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ALL KINDS OF PLANTS FOR SALE
Annuals, Perennials, Roses, Shrubs, Trees, Tropicals,
Vines, Edibles, Natives, Deer Resistant and Plants for Bees and Butterflies, too!
Here is the April newsletter April 2018 NL
where you will find out about
all our events for April and more events throughout the spring.
Workshops, Lectures, Tours, Roundtables, and
the 2018 Garden Fair to be held
on Friday, May 18 and Saturday, May 19
at the Bridgehampton Community House.
Including a Pre-sale order form for bedding annuals.
Take a look! It is a big 12 page issue for SPRING!
The HAH March Newsletter is here at the link below,
where you will find all details of events at HAH.
HAH LoGerfo Library
LATE-WINTER AND EARLY SPRING PRUNING TECHNIQUES
This session will feature several, brief, how-to videos by contributors to Fine Gardening magazine on how and when to prune Crape Myrtles, Hydrangeas, Blueberries, shrubs, woody sub-shrubs, Roses, Callicarpa (beautyberry), Cotinus (smokebush), and Conifers, as well as removing suckers, root pruning, dead, and diseased wood. We’ll also describe the various tools that can be used as well as watch a video on how to sharpen them. And of course, bring all your questions!
This is a free program and all are welcome to attend.
Pamela Harwood, Moderator
In the main hall of the Bridgehampton Community House
“Imaginary Gardens with Real Toads in Them”
The gardens that speak to me the most are those of extraordinary plantsmen and women, both contemporary and from the past, who have grasped the raw material of a site and through their engagement with place have created gardens both eloquent and useful. I have been inspired by gardens conceived in traditional styles as well as those that have pioneered new plants and planting styles. Some of the questions I try to answer in a garden are how does it relate to the larger landscape, what design concepts are at work, and what role do plants play in the garden? In this talk I will survey some contemporary gardens with an inspiring sense of place as well as some from the past that have recently been restored. What qualities do historic gardens possess that make them relevant today? And how can some contemporary gardens continue into the future? What these gardens have in common, as Marianne Moore puts it, is “a place for the genuine.”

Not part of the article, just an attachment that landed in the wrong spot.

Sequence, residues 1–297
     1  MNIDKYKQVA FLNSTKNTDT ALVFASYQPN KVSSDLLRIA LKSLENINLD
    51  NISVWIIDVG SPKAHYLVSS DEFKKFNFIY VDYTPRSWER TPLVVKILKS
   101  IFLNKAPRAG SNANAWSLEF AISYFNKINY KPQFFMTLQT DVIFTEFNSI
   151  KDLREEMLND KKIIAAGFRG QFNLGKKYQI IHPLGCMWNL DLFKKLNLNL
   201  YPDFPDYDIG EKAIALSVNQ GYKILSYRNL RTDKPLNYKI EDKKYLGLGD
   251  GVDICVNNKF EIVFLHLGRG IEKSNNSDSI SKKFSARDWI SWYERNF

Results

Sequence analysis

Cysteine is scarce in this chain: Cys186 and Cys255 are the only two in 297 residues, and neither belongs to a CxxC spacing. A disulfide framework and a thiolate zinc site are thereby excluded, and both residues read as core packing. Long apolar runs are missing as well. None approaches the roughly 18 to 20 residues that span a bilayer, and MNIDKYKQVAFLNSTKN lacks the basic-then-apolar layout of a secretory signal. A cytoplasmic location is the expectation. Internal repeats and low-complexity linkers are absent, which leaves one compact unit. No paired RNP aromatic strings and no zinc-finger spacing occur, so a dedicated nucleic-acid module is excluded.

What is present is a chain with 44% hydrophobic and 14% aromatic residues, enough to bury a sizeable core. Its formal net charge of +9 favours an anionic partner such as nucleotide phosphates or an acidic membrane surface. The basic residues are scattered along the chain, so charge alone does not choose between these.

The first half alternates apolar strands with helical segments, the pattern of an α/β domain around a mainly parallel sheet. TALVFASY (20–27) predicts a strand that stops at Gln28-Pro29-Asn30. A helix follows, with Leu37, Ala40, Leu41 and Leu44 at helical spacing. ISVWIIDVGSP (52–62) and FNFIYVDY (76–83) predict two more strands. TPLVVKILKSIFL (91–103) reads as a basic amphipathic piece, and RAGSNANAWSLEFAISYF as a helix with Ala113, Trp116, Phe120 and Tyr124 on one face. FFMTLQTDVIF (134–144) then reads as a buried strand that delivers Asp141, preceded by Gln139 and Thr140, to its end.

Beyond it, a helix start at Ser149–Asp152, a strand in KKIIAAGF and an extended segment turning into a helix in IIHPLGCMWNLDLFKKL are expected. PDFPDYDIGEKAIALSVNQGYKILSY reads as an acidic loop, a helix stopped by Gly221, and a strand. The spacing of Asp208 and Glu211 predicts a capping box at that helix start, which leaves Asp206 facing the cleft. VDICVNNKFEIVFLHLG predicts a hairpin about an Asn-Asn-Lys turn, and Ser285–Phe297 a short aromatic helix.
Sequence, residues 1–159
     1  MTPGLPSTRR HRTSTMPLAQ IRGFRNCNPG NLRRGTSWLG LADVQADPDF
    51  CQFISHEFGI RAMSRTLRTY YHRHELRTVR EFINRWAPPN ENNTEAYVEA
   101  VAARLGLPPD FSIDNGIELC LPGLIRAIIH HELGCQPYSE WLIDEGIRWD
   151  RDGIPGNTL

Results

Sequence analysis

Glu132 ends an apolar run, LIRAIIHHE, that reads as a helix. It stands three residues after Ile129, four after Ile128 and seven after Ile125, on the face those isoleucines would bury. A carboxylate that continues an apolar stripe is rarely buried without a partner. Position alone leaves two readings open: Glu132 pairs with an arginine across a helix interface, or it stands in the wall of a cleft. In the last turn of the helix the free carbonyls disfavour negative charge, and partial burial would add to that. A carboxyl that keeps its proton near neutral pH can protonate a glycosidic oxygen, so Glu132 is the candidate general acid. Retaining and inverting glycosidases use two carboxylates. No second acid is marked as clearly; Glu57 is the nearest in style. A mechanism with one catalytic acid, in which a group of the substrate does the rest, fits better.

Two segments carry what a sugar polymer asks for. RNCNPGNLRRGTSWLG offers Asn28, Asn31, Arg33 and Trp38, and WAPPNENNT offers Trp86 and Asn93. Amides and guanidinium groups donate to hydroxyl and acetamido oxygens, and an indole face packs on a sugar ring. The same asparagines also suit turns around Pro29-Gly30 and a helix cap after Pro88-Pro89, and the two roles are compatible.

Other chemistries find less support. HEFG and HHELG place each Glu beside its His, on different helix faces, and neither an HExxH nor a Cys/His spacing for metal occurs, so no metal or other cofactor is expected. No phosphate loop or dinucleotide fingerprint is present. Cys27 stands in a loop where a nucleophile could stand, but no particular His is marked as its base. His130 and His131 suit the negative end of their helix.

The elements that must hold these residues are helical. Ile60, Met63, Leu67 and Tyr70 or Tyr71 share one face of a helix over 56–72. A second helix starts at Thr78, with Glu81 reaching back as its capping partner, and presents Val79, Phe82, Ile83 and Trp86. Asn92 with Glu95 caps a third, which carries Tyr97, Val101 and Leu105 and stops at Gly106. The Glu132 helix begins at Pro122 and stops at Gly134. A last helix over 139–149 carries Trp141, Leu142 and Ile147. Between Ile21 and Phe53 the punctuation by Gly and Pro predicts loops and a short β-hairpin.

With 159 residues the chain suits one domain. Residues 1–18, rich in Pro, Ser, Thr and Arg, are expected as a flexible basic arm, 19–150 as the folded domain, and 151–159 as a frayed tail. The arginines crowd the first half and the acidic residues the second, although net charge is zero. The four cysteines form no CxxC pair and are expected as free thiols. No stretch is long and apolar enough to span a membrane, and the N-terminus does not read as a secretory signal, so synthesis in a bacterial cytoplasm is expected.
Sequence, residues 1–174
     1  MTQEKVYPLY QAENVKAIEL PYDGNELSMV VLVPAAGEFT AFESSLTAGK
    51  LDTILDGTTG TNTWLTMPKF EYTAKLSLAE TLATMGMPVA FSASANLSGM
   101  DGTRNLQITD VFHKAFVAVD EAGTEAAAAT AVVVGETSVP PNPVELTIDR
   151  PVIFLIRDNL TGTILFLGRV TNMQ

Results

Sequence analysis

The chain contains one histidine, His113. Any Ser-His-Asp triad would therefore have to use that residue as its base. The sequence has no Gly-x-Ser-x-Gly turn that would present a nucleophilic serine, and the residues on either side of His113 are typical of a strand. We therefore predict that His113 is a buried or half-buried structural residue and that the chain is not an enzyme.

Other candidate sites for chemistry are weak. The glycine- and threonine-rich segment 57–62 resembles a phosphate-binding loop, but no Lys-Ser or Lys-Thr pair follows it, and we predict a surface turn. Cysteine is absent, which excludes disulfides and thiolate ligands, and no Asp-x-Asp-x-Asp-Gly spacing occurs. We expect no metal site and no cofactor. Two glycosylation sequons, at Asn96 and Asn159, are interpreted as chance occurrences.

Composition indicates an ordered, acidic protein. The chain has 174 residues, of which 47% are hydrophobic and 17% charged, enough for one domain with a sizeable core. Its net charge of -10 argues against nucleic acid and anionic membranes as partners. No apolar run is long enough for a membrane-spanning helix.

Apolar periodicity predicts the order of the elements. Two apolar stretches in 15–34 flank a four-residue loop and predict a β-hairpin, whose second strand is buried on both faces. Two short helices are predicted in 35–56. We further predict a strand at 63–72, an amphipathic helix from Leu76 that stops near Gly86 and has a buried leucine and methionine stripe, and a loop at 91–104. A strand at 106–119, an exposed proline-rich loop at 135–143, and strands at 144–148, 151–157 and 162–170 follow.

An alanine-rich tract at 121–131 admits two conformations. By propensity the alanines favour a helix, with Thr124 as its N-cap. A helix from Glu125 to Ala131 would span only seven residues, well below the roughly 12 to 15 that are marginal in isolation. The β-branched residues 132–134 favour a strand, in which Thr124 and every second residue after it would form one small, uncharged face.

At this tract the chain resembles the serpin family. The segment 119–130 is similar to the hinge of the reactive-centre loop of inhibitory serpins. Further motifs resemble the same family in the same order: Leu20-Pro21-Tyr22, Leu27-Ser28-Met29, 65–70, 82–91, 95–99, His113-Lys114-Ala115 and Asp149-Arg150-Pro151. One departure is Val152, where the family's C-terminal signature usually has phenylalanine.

For thirty years Bill Noble has worked as a garden designer and professional in garden preservation. As Director of Preservation for the Garden Conservancy, he was instrumental in the preservation and restoration of dozens of gardens throughout the United States. He is currently active in designing new gardens and revitalizing existing gardens throughout New England. His own garden in Norwich, Vermont, is included in the Smithsonian Institution’s Archive of American Gardens, and has been featured in Martha Stewart Living, House & Garden, The New York Times and Outstanding American Gardens: A Celebration: 25 Years of the Garden.
Lectures are free to members and $10 for not-yet members. Please become a member so that you can enjoy all of our lectures for free.
Followed by a reception downstairs in the HAH LoGerfo Library. All are welcome to ask more questions of our lecturer and enjoy some refreshments.
The reviewers and their books are:
The Company of Trees – Thomas Parkenham
Head Gardeners – Ambra Edwards
Rock Gardening: Reimagining a Classic Style – Joseph Tychonievich